The available fundamental data spans over a broad range of various indicators. Examples are market capitalization, P/E ratio (price-to-earnings ratio), dividends and EPS (Earnings per share). Another interesting information sources are relevant news headlines, which are displayed next to the chart.

    The Figure 25 shows the main view of the Google Finance application. The actual / last price is placed strikingly in the top left corner. Next to the stock price are absolute and relative price changes in green or red color, depending on the price change. Green indicates that the current price is higher than the closing price of yesterday. Conversely red color indicates that the closing price is lower than the closing price of yesterday. The user can quickly know where price fell down and when the price rises up.

    At the top right corner are current value and the daily change of important and relevant stock indices displayed. A color-coded bar chart provides graphically the percent changes. This part is well suited to recognize general trends and correlations of important stock markets.

    Figure 25: Google Finance Overview [Google, 2009]

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    Below the visualization are some settings available. The user can choose either a linear or a logarithmic scale for the vertical price axis. It is also possible to switch between three available chart types: line chart, bar chart and candlestick chart. The display of miscellane-ous information can be enabled or disabled. Available events and information are news flags, dividend payments, split events, display of volume and extended hours.

    A rich collection of useful technical indicators can be enabled. Some examples are simple moving average, exponential moving average, moving average convergence divergence, bias ratio and so on. Those indicators are available for price development and for volume development as well.

    Figure 26 shows the standard line chart visualization. On top are relevant stocks which can be added to the chart by clicking on the proper checkbox.

    Figure 26: Google Finance Line chart visualization [Google, 2009]

    Google Finance offers innovative and interactive stock market visualizations. The interac-tion methods are highly sophisticated and provide many well-thought-out innovations. Two valuable interactions zooming and value displaying based on mouse cursor location will be explained in the following paragraphs.

    There are several methods available to zoom in and out. At the top left corner are some common used time ranges like 1 day, 5 days, 1 month, 3 months, 6 months and so on. The mouse wheel is able to increase or decrease the displayed time range, which is also a stan-dard interaction method.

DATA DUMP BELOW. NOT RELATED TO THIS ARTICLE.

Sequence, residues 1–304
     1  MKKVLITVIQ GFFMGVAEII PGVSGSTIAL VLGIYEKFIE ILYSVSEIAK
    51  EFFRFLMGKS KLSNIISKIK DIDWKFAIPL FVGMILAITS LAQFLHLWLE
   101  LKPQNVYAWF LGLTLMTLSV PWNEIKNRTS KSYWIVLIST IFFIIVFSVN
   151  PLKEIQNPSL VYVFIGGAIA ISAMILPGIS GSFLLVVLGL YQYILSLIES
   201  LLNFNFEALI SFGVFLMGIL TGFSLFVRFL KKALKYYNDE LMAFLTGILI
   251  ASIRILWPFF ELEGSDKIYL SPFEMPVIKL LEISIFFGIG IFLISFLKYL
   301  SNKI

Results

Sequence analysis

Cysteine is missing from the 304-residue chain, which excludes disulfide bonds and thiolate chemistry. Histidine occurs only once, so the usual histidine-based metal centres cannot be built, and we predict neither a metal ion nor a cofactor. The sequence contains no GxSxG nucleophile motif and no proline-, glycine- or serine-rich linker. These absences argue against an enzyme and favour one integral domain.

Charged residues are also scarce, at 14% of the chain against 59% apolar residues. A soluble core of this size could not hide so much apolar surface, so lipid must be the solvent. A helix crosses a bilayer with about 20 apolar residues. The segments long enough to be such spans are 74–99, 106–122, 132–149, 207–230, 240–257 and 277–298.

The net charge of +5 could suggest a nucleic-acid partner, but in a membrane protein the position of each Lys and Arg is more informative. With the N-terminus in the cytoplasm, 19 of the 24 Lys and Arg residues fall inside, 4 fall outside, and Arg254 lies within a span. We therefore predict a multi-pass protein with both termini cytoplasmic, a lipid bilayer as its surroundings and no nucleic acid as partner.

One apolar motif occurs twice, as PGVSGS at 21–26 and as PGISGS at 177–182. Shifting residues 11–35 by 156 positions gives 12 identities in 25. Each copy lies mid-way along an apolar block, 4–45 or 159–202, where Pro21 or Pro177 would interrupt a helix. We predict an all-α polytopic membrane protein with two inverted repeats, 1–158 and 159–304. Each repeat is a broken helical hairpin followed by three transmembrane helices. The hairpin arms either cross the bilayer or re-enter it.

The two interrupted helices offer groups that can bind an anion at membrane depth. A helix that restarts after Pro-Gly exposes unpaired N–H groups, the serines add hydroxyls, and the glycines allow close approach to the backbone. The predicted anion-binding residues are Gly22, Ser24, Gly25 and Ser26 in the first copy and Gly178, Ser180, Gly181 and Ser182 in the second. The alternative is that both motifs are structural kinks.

Below the volume chart is another interactive zooming method. The user can set the zoom range through a simple drag and drop operation of the boundary elements. The user can also move the zoomed time range by dragging the scrollbar to the left or right at the bottom of the visualization.

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    Figure 27: Google Finance OHLC chart visualization [Google, 2009]

    Above the chart at the right side is the legend placed. It shows values for all displayed stocks and / or stock market indices based on the actual mouse position. This enables an easy lookup of values for a given day. The horizontal position of the mouse cursor is deci-sive for the selected date. The selected date is marked by a small dot.

    The integration of news headlines as news flags on the chart is another useful feature. It can be used to discover any effects or relevant news information to the development of the stock price. This feature is a tool to identify past trends. It is probably not intended to in-fluence any predictions of future stock prices.

    Figure 28: Google Finance Candlestick chart visualization [Google, 2009]

    All news events are listed on the right side next to the diagram. Each headline is assigned a distinctive letter, which are chronologically sorted. The flag on the chart is linked to the

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    news item. If the user clicks on a news flag, the related news item in the news list are hig-hlighted. The user can open the news article and get more information.

    Google Finance is also able to compare multiple stocks and / or stock indices by superim-position. The Figure 29 shows stock prices of two stocks from Apple and Google and of the stock market index NASDAQ.

    This visualization is using a limited version of the indexing method. However the indexing point is always set at the beginning of the displayed time period. Thus all visualized time series start at the same value 0 %. A horizontal reference line marks 0% through the whole chart. This is useful for the user to recognize fast positive and negative percent changes.

    Figure 29: Google Finance Comparison of multiple stocks [Google, 2009]

    Multiple time series are automatically transformed to display percent changes. The price axis changes the unit from the default currency of the stock to a percent unit. The compari-son of percent changes is much more effective for stock analysis, because stocks do